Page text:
Financial Highlights Brief Report for 3rd Quarter FY2022

A. Financial Highlights for 3rd Quarter FY2022

A-1. Financial Results for 3rd Quarter FY2022

 Looking at the third quarter results, operating revenues were 728.8 billion yen, operating income was 80.6 billion yen, ordinary income was 641.9 billion yen, and net income attributable to owners of parent was 638.2 billion yen.

 As for the main financial indicators, equity capital improved by 592.8 billion yen from the end of the previous fiscal year to 1,477.4 billion yen, and interest-bearing liability decreased by 47.8 billion yen to 375.7 billion yen. Meanwhile, DER improved by 23 points to 25%, and the equity ratio increased by 15 points to 71%.


A-2. Financial Results for 3rd Quarter FY2022 by Segment

 Let’s go over the ordinary income figures for the third quarter by segment. For Dry Bulk, ordinary income was 23.1 billion yen, representing an improvement of 8.3 billion yen compared to the same period last year. The Energy Resource Transport segment posted 9.3 billion yen, an improvement of 7.2 billion yen year on year. Product Logistics overall posted 615.9 billion yen, an improvement of 190.6 billion yen. Containership Business recorded 564.6 billion yen, an improvement of 148.7 billion yen year on year. For the Product Logistics segment excluding Containership Business, ordinary income was 51.3 billion yen, an improvement of 41.9 billion yen year on year. We will cover the market conditions and general conditions later on.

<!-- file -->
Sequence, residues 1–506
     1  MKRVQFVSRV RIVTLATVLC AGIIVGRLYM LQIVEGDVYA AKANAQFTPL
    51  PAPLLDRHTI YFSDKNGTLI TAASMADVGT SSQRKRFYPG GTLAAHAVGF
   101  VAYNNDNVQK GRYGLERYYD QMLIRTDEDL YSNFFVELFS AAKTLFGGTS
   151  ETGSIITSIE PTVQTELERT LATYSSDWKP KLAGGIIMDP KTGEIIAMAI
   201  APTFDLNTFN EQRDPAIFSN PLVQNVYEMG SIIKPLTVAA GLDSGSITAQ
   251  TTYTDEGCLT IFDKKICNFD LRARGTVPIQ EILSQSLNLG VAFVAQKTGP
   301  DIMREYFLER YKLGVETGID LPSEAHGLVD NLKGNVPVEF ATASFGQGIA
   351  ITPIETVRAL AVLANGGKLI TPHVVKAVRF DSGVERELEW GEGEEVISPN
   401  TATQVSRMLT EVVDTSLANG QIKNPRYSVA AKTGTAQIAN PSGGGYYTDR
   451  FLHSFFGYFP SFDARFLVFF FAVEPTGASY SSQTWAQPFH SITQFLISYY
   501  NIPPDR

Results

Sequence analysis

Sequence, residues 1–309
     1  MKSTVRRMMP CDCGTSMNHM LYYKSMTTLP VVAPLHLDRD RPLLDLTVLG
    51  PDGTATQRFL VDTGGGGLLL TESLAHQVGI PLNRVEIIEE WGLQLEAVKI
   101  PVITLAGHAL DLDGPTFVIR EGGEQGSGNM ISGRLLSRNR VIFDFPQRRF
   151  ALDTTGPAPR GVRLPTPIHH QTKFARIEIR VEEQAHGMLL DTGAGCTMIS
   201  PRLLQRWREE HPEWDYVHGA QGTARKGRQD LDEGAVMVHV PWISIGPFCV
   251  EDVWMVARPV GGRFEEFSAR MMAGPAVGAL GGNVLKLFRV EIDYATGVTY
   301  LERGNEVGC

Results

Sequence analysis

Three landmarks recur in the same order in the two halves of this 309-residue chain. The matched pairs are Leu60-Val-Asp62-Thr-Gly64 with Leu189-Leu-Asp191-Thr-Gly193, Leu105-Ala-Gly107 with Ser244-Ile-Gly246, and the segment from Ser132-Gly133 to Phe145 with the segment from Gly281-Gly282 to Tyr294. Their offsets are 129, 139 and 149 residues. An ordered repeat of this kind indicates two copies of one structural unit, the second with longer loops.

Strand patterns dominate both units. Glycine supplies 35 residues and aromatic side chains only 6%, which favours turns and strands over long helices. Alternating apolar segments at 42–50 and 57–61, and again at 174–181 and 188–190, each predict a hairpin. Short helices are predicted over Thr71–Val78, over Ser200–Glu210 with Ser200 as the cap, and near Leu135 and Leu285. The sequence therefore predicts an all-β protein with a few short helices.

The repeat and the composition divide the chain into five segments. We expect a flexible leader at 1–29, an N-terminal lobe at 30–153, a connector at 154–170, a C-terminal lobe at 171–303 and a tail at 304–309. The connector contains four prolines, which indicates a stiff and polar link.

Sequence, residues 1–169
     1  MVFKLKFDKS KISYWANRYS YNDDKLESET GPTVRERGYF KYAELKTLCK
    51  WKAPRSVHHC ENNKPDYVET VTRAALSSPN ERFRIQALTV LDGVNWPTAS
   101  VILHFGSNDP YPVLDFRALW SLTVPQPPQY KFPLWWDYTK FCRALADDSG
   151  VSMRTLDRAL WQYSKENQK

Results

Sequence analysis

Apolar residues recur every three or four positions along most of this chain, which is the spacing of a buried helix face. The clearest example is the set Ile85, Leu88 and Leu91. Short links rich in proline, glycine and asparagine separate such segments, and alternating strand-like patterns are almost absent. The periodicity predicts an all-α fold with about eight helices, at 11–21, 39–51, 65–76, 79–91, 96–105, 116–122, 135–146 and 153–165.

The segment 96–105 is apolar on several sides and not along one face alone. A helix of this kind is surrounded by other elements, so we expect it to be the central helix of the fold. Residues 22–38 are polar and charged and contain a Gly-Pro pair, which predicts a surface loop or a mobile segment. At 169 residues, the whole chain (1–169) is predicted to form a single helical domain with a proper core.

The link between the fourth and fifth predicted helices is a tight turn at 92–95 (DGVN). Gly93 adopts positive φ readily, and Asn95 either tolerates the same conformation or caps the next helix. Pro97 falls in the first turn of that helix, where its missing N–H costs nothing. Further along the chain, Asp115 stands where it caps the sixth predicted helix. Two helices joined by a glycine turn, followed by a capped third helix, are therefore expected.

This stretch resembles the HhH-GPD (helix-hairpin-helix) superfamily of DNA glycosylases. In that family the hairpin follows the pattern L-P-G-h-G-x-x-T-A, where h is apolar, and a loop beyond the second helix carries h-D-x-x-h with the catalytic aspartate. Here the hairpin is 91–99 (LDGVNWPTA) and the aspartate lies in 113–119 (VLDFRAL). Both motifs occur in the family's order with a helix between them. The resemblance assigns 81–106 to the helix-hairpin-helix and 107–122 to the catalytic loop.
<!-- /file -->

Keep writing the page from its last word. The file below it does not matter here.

B. Forecast and Initiatives for FY2022

B-1. Forecasts for FY2022 and Key Factors

 Looking at the fiscal 2022 full-year forecast, operating revenues are expected to be 940.0 billion yen, operating income will be 85.0 billion yen, ordinary income will be 660.0 billion yen, and net income attributable to owners of parent will be 650.0 billion yen. An exchange rate of 134.17 yen to the US dollar is assumed for the full year, along with a bunker price of 772 US dollars per metric ton.

 The operating revenues forecast of 940.0 billion yen represents an increase of 183.0 billion yen year on year, and operating income is expected to increase by 67.4 billion yen year on year to 85.0 billion yen. The high levels of these two figures stem from the fact that sales and profits in “K” Line’s own businesses have been increasing. Incidentally, “K” Line’s record for operating revenues is 1,352.4 billion yen in the fiscal year ended March 31, 2015, and the operating income record is 129.6 billion yen for the fiscal year ended March 31, 2008. Ideally, the aim is to continue growing our own businesses under the medium-term management plan and break those records. The forecasted ordinary income figure of 660.0 billion yen and net income figure of 650.0 billion yen have been revised downward, but they are still records.